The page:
A year after it launched, Supermama decided to venture into offline events
in Egypt- a new move for the first Arabic online parenting community. To do
so, founders Zeinab Samir and Yasmine El-Mehairy hired a PR
company and tested the possibilities, in hopes of getting the word
out to an offline community of mothers.
The startup, which offers advice on health, cooking, pregnancy, parenting and careers, all in Arabic, had recently celebrated its first anniversary, releasing a mascot and a new video feature.
After their event, however, Supermama decided to refocus on their new video feature, concluding that marketing online was best for their audience. Here, El-Mehairy shares some of her thoughts on the disadvantages of wandering away from the online world as a digital startup, in hopes that it helps others determine the right way to present their offline presence.
- Remember that offine events don't convert directly to online
traffic. They do create a buzz, but this kind of buzz may take a
while to materialize into something tangible.
- Be sure you have the budget- offline events are expensive. A
venue and catering (even if its just a coffee break) are the
obvious costs, but then giveaways, service tips (which are
unavoidable in the Middle East), and equipment rental add up (most
venues charge extra for microphones, projectors and such).
- Don't expect the majority of those who signed up to attend. We
actually had closer to 30% show up, after registration and phone
- Getting press coverage is also something to budget and plan
- Be sure to pick a venue that suits your users best. For
Supermama, middle-class housewives need a location that their
husbands approve of.
- Offline events have a very long term effect. To create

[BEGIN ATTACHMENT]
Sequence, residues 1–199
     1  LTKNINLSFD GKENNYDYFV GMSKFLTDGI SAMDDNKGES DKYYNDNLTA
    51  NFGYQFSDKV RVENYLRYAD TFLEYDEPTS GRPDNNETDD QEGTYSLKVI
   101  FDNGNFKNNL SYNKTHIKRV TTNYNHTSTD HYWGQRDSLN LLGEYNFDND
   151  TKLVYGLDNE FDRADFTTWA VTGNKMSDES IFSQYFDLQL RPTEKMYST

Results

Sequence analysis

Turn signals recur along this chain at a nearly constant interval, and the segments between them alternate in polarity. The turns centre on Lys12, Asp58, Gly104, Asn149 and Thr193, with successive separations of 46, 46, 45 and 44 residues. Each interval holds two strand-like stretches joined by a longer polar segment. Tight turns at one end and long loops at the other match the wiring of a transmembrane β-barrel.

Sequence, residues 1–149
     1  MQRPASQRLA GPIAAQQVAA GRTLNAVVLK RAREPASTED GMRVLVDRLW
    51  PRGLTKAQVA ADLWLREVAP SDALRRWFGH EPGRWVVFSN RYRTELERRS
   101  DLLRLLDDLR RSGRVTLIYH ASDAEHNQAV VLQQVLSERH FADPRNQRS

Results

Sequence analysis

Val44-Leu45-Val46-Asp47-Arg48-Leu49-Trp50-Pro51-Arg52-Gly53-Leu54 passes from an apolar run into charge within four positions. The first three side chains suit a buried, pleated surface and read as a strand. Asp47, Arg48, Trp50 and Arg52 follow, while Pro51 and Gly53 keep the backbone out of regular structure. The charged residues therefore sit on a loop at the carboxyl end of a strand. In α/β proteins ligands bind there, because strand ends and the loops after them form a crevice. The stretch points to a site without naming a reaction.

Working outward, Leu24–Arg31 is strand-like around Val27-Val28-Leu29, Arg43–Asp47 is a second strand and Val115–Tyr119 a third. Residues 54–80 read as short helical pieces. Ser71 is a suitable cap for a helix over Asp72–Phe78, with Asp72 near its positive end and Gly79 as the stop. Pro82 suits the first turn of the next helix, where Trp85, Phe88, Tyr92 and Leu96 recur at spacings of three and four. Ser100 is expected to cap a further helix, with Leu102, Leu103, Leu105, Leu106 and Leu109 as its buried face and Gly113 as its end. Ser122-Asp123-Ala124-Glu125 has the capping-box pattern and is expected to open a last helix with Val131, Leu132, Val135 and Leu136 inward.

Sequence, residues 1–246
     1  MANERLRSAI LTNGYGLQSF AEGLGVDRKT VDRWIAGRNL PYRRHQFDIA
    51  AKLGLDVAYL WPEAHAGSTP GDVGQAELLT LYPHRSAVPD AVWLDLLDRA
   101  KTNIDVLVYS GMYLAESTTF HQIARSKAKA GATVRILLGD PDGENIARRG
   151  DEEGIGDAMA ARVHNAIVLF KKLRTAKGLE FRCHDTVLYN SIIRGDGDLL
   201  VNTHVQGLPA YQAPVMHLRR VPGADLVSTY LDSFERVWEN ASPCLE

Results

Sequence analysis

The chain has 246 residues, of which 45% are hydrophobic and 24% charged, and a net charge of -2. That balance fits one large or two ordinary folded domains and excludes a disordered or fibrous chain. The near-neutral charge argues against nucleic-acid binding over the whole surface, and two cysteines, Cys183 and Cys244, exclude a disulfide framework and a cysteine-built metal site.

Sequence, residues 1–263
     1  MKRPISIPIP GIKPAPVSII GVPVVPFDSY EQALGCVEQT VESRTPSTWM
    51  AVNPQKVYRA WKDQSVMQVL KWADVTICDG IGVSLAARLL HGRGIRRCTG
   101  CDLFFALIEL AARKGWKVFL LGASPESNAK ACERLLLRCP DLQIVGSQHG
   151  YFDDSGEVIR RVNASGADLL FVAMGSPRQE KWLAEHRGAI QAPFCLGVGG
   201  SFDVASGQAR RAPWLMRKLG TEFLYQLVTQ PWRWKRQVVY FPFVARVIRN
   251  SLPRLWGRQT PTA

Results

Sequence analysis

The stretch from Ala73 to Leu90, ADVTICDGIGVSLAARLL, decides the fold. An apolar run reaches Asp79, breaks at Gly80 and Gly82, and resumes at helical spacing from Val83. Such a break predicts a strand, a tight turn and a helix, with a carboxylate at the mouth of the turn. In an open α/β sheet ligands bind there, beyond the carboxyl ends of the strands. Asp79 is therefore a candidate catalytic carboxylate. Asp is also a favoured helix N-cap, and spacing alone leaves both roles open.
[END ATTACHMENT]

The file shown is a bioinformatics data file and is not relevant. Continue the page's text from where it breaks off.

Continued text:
consistency and see an effect, you need to keep spending on events
and PR for several months before it pays off.
- Consider several offline mediums. For instance, how does being covered in a magazine convert into increased website visitors? Think outside of the event box.
One thing their offline event did help the Supermama
team do was determine how best to allocate their resources. In
their new video series, they've released seven different
installations, each of which offers a quick 2-3 minute "do it
yourself" tutorial showcasing interviews with pediatrics and
general doctors, or discussing activities for moms and children to
do during vacations.
Supermama opted for video because busy mothers in the Arab world can assimilate visual and audio presentation faster than text while multitasking, and also because "video spreads like fire on social media", says El-Mehairy.
In the first three weeks, their video series has
registered 56,000 views, 12% from Saudi Arabia, which their offline
event could not have helped them reach; it pays to test and pivot
in order to scale at a healthy pace.
Disclosure: Wamda Capital has invested in SuperMama.